EAST LANSING — It’s among the most basic of questions for society — what do we do with the trash?
Turns out we can reuse some of it, dispose of it safely — even the stuff that’s mildly radioactive — and use it as an energy source as it decays.
Around 200 people gathered at Michigan State University’s Kellogg Center Thursday and Friday for the 25th annual Solid Waste Technical Conference, presented by The Engineering Society of Detroit and the Michigan Waste Industries Association.
Ken Yale, chief of the radiological protection section at the Michigan Department of Environmental Quality, opened Friday’s conference with a presentation on the current state and federal regulation of radioactive material, including the low-level nuclear waste. He said many natural materials are technically radioactive waste — bananas, he said, contain relatively large quantities of radioactive potassium-40 naturally — but that science and statistics show the risk of radiation to the average person is vanishingly low.
That waste is regulated by a variety of federal and state agencies and includes everything from the protective clothing of power plant workers to medical waste to the byproducts of oil and gas drilling.
Thanks to studies of veterans of nuclear tests and those who survived the bombings of Hiroshima and Nagasaki, Yale said, the relative risk of radiation is “understood very well, but by very few people.” He said the media generally doesn’t do a good job of communicating that actual risk. Statistically, he said, being a single male can take more than 1,500 days off your life — but on average, the risk of naturally occurring radiation is 8 days, medical X-rays take 6 days off the average life span, and risk from the nuclear industry takes off all of 0.02 days.
A recent controversy over the disposal of oil drilling waste in Michigan prompted the state to revisit its standards for so-called TENORM waste — technologically enhanced, naturally radioactive materials. That review, he said, was conducted by a group with representatives from the waste industry, academia, environmental groups, the oil industry, health care and regulators. They found “no significant changes in the science,” with “very low risk” of impact to the environment, workers or the public.
Later, Mike Michels of Cornerstone Environmental Group LLC’s Farmington Hills office talked about using GIS, geographic information systems, to analyze and manage landfills.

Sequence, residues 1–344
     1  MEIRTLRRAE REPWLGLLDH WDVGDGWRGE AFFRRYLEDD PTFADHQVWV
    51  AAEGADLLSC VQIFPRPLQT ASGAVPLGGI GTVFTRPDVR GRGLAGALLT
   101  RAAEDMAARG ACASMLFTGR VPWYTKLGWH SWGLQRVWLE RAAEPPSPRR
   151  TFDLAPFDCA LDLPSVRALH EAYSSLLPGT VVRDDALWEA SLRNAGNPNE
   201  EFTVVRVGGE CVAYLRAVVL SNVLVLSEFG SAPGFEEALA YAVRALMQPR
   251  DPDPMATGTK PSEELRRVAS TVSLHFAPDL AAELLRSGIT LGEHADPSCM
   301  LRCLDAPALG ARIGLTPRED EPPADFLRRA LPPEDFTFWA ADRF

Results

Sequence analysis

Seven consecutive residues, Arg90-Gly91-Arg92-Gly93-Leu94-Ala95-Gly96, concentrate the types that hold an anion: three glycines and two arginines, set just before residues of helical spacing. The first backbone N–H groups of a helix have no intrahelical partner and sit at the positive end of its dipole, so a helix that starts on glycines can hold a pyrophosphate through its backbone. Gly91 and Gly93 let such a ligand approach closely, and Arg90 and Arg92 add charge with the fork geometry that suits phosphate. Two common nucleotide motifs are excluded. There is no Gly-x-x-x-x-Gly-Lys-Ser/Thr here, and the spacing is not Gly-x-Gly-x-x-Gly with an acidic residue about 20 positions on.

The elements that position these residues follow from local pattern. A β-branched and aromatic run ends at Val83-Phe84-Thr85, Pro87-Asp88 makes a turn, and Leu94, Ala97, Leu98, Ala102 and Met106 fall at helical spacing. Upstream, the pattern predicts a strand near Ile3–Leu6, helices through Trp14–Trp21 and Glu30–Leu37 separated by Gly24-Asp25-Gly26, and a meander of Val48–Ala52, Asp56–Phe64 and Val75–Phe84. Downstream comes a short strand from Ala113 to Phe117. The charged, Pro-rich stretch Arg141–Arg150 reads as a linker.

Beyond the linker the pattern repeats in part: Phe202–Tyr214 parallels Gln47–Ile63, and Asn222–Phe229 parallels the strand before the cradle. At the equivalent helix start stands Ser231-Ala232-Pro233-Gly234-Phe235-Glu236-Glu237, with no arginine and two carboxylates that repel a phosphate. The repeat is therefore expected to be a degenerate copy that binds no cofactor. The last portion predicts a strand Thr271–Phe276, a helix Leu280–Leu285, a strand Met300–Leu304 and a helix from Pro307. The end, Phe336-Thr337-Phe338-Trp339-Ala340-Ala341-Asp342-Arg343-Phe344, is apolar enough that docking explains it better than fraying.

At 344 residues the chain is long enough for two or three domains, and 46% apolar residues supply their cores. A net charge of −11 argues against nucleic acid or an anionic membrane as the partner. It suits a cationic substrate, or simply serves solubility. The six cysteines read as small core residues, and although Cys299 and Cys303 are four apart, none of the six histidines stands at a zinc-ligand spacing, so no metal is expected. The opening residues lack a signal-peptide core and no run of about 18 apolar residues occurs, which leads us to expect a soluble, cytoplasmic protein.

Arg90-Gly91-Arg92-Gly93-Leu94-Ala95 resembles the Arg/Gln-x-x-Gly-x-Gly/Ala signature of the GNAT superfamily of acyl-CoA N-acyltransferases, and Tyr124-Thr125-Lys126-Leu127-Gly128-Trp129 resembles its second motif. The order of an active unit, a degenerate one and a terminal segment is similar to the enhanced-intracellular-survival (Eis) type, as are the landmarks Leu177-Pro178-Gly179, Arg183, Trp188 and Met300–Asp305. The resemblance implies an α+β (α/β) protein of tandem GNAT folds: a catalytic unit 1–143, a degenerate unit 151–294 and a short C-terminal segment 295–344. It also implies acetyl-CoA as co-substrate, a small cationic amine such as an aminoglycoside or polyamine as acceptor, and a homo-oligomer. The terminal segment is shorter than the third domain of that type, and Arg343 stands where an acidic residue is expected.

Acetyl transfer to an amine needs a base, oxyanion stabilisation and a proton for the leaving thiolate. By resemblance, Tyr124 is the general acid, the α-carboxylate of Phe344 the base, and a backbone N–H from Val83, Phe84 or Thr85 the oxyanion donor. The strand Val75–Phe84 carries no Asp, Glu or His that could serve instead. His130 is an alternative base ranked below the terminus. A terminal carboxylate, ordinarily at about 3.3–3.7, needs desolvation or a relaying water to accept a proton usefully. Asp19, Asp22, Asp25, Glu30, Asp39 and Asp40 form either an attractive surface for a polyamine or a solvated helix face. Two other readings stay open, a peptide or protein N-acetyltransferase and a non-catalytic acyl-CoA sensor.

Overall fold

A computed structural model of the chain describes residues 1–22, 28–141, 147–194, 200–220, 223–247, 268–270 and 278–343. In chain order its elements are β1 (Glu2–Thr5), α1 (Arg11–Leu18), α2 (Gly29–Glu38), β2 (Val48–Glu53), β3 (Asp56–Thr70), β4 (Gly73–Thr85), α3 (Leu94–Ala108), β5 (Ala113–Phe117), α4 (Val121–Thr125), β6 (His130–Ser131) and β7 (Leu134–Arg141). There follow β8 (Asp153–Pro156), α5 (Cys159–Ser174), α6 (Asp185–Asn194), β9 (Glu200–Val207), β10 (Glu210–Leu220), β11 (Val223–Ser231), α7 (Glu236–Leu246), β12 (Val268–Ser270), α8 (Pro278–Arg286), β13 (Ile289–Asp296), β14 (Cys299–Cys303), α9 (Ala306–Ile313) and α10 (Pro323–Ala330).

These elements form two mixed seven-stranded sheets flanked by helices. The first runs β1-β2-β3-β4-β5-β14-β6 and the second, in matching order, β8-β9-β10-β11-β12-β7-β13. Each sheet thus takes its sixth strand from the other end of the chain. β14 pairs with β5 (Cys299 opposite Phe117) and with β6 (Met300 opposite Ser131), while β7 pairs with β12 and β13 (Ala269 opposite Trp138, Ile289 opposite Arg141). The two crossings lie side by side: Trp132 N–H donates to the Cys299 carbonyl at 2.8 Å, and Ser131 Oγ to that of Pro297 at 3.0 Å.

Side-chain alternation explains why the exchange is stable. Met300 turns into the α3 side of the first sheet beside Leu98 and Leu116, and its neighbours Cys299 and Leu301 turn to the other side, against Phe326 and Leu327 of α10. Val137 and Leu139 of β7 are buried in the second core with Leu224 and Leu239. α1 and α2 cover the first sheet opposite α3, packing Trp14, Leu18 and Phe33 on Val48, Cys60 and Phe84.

GIS technology is essentially smart, computerized mapping that overlays a great deal of data on maps, providing a detailed, three-dimensional look at the geography of a landfill — “A place to put everything in one spot — you go to a map, click around, and find that information a lot more quickly.” Those three-dimensional maps also give managers clues where to place wells to monitor landfill water and gas flows, and where to drill to draw off landfill gas to burn for energy generation.
In all, Michels said, converting monitoring data to meaningful, clear maps with GIS helps landfill managers make better decisions faster.
In a luncheon keynote, Jim Baird, partner and chief investment officer at the accounting and business advisory firm Plante & Moran PLLC, presented an upbeat assessment of the national and state economy.
“It’s not without its bumps and it’s not without its issues, but overall the story of the economy is positive,” Baird said.
Baird said the economy is creating jobs robustly — 3.3 million in the past 12 months, the strongest since 1998. Even wage growth is finally beginning to move upward, and real disposable income is headed upward at a 3.7 percent rate as well.
Some of those bumps? Consumer confidence fell in February after reaching a post-2007 high in January, and retail sales have disappointed, as consumers are saving a bundle at the gas pump but so far aren’t spending that money at other retailers. And other economies around the world are suddenly in much rougher shape than in the United States.
On the bright side, U.S. inflation remains a non-issue (although Baird said a tightening job market might force it upward) and auto sales and production have rebounded considerably. Industrial, hotel and office construction are all headed upward sharply.
Overall, Baird said he didn’t see the kind of excesses and bubbles in the economy that generally presage a recession.